T-Kartor wins another TfL mapping contract

We are proud to have increased our share of TfL’s cartographic framework. T-Kartor is now the sole supplier of pedestrian and cycling information products containing mapping from the Legible London Database (which T-Kartor maintain under a separate contract).

A whole family products are included in this contract:

Local area maps
Highly-detailed geographic local area maps used for various ad-hoc purposes


Legible London mapping panels
These ‘heads-up’ maps are rotated to match the direction of travel and are placed on a number of pedestrian sign types. Additional information on these signs include street and landmarks indices and directional arrows to nearby neighbourhoods, landmarks or transport nodes.


Continuing your journey posters and leaflets
Highly-detailed geographic local area maps used at transport nodes such as station exits and bus station hubs. These maps usually appear with a schematic map of bus or river services. In some cases they are reproduced as an A4 leaflet.


Cycle Superhighway mapping panels
Cycle Superhighway mapping is elongated to suit the extra distance covered by bike, compared to a five minute walk distance.


Cycle Hire Docking Stations
These maps appear on the cycle hire infrastructure and involve an added technical complexity. The position of all nearby docking stations are shown on each map, so these maps are created paying consideration to the latest status of all stations within a certain radius.

We look forward to four more years continuing our excellent relationship with our highly valued customer.

The power of wayfinding signage to influence behaviour

Always keen to use our mapping products in situ and view them from a user perspective, I recently decided to carry out some research at the Queen Elizabeth Olympic Park. The last time I visited was at the height of the Olympic Games and the area was teeming with tourists clutching the T-Kartor produced Host City Map.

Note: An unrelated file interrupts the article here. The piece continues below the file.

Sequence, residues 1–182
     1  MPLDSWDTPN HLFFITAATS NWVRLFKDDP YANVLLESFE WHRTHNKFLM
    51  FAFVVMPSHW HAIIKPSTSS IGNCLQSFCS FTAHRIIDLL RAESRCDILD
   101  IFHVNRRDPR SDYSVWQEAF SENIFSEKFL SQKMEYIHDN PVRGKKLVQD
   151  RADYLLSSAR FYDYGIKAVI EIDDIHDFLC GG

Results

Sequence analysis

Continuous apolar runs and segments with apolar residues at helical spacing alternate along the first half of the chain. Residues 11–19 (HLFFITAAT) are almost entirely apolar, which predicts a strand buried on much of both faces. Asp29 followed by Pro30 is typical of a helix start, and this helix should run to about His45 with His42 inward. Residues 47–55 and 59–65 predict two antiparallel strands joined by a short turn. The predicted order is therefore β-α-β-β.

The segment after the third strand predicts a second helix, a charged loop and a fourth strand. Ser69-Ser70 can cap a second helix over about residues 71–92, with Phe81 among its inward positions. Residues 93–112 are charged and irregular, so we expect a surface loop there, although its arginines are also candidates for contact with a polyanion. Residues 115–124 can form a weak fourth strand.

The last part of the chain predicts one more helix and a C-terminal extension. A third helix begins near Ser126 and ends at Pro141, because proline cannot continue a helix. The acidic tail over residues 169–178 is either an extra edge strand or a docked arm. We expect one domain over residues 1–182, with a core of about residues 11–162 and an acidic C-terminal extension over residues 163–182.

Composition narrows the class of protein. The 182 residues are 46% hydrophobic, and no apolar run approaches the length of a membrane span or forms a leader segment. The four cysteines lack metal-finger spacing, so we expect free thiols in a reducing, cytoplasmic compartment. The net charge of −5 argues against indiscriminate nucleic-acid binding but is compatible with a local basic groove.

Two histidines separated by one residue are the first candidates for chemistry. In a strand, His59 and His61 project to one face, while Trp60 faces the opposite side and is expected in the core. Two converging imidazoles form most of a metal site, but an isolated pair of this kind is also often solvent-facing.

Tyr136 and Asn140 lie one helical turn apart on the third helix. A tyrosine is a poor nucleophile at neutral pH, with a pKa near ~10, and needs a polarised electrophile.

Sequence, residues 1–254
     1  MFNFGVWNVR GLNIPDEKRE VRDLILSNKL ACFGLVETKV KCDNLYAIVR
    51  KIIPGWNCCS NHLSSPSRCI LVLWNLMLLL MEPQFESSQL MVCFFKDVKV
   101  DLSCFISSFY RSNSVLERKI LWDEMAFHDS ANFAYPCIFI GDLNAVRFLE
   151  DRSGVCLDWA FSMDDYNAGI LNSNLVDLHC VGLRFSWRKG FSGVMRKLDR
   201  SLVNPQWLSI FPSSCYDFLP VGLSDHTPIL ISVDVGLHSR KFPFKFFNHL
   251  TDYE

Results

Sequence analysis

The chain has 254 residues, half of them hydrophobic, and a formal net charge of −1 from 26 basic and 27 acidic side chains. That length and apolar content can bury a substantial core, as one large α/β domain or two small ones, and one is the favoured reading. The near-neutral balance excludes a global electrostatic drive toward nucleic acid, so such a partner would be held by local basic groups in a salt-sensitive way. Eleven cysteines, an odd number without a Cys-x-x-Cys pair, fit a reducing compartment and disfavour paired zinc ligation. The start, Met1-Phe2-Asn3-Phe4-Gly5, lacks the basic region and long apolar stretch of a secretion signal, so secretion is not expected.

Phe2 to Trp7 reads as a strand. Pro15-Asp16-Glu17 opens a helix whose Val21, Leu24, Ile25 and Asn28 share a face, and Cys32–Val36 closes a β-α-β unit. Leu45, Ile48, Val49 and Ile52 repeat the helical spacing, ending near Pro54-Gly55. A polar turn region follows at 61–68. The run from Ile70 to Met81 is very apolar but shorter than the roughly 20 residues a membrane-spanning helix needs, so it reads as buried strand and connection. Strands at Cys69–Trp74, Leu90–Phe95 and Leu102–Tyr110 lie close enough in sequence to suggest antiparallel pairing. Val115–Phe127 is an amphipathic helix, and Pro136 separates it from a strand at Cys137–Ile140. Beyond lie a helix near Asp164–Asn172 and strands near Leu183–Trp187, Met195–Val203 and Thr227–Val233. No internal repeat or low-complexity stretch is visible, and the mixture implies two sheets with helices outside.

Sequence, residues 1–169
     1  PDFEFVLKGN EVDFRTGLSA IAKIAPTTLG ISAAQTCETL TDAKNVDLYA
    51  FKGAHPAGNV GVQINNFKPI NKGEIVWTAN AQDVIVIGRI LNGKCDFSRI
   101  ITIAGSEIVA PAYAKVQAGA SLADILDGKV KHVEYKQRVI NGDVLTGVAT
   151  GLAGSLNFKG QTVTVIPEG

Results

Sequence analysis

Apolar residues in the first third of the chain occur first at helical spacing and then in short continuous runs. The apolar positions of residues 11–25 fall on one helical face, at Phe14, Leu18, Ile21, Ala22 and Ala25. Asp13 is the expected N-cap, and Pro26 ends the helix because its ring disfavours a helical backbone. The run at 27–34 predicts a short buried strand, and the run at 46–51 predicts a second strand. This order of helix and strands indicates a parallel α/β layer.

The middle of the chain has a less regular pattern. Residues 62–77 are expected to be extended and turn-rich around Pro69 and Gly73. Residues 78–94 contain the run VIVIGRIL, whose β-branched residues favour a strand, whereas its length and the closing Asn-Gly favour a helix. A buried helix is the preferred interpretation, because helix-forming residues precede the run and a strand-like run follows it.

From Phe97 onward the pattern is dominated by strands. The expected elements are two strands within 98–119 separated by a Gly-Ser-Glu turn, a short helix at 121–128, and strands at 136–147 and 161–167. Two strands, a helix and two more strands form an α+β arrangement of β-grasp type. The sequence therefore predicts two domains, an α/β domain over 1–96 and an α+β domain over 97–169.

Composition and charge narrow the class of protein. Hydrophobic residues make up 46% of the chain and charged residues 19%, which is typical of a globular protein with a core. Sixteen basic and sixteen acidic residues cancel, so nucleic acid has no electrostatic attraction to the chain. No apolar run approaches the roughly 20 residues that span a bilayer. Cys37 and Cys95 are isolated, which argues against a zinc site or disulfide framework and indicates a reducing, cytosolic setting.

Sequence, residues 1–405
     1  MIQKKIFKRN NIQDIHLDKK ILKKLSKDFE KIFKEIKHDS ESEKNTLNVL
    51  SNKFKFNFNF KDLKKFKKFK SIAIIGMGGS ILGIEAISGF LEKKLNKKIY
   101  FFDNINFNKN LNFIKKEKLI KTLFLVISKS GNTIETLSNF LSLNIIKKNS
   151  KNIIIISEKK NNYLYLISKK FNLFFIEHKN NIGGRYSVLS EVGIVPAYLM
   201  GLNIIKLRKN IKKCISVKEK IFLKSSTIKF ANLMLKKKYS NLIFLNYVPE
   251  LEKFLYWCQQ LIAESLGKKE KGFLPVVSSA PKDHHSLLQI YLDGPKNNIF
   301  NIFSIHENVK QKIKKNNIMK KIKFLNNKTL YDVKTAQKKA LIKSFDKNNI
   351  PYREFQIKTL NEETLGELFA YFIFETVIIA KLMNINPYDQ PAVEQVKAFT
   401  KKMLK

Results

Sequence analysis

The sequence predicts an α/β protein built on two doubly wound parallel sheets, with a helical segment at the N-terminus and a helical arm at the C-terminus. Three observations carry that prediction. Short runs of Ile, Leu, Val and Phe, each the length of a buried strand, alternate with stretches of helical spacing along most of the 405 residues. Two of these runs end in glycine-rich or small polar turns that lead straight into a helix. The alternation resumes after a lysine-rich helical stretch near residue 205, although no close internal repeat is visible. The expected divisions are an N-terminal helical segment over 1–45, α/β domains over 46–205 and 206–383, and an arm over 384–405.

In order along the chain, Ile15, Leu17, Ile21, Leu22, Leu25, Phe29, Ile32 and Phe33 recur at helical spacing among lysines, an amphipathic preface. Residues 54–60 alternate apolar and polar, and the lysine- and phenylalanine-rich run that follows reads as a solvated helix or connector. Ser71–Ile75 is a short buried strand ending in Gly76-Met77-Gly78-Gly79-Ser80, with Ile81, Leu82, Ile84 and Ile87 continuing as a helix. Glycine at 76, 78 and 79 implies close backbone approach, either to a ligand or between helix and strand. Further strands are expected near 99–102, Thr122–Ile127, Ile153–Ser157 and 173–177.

I have read about legacy plans for the area and the London Legacy Development Corporation, a mayoral planning authority with the remit to manage ongoing regeneration of the Park and surrounding areas. One stated goal was to link the Olympic Park to the communities in the surrounding urban area. Legible London wayfinding maps are intended to help towards this goal, so I planned to see how well the system works in reality.

As part of T-Kartor’s creation and maintenance of the Legible London database, we developed the online LLAMA portal, from where Transport for London (TfL) can manage Legible London products in a geographic asset management view (above). From the portal I could see the positions of 43 Legible London products. An excel output broke down the details: 11 bus stop maps, 8 vicinity maps at stations (including DLR) and 23 walking totems, of which 4 are OWCRE (Olympic Walking and Cycling Route) signs along the canal towpath. In addition, the LLAMA portal allowed me to study the layout and rotation angle of each sign, and see a preview of the printed artwork (below).

What struck me on arrival at Stratford Station is the complexity of the area. A vast shopping centre and transport hub were my first impressions, but without a map it would be very difficult to appreciate its layout. I made my way across a huge raised walkway towards the old Olympic Stadium, now home to West Ham United Football Club, where I hired a (TfL) Santander cycle.

I often hire a TfL cycle in London, and head off in any direction with the confidence (due to the high density of mapping products) that I will not get lost. Although I was very unsure of the area, I soon came across map products and felt confident to explore.

The area is still heavily under construction, and does have a very deserted feel about it. However, I am fascinated by the level of investment in infrastructure that is still going on, years after the Olympic Games left town. The area is trying to encourage growing businesses, with Here East digital quarter, 3 Mills Film and TV Studios and International Quarter London (new home for progressive business).

My cycle ride took me first through the slightly desolate park, around the outside towards Hackney Wick, then along the canal riverwalk. Within a very short cycle I had experienced areas of urban decay and vandalism; recreational areas along the canalside, where people tending their barges lended a feeling of safety; vast, barricaded building sites; new business developments and the impressively landscaped grassy verges of the Queen Elizabeth Olympic Park.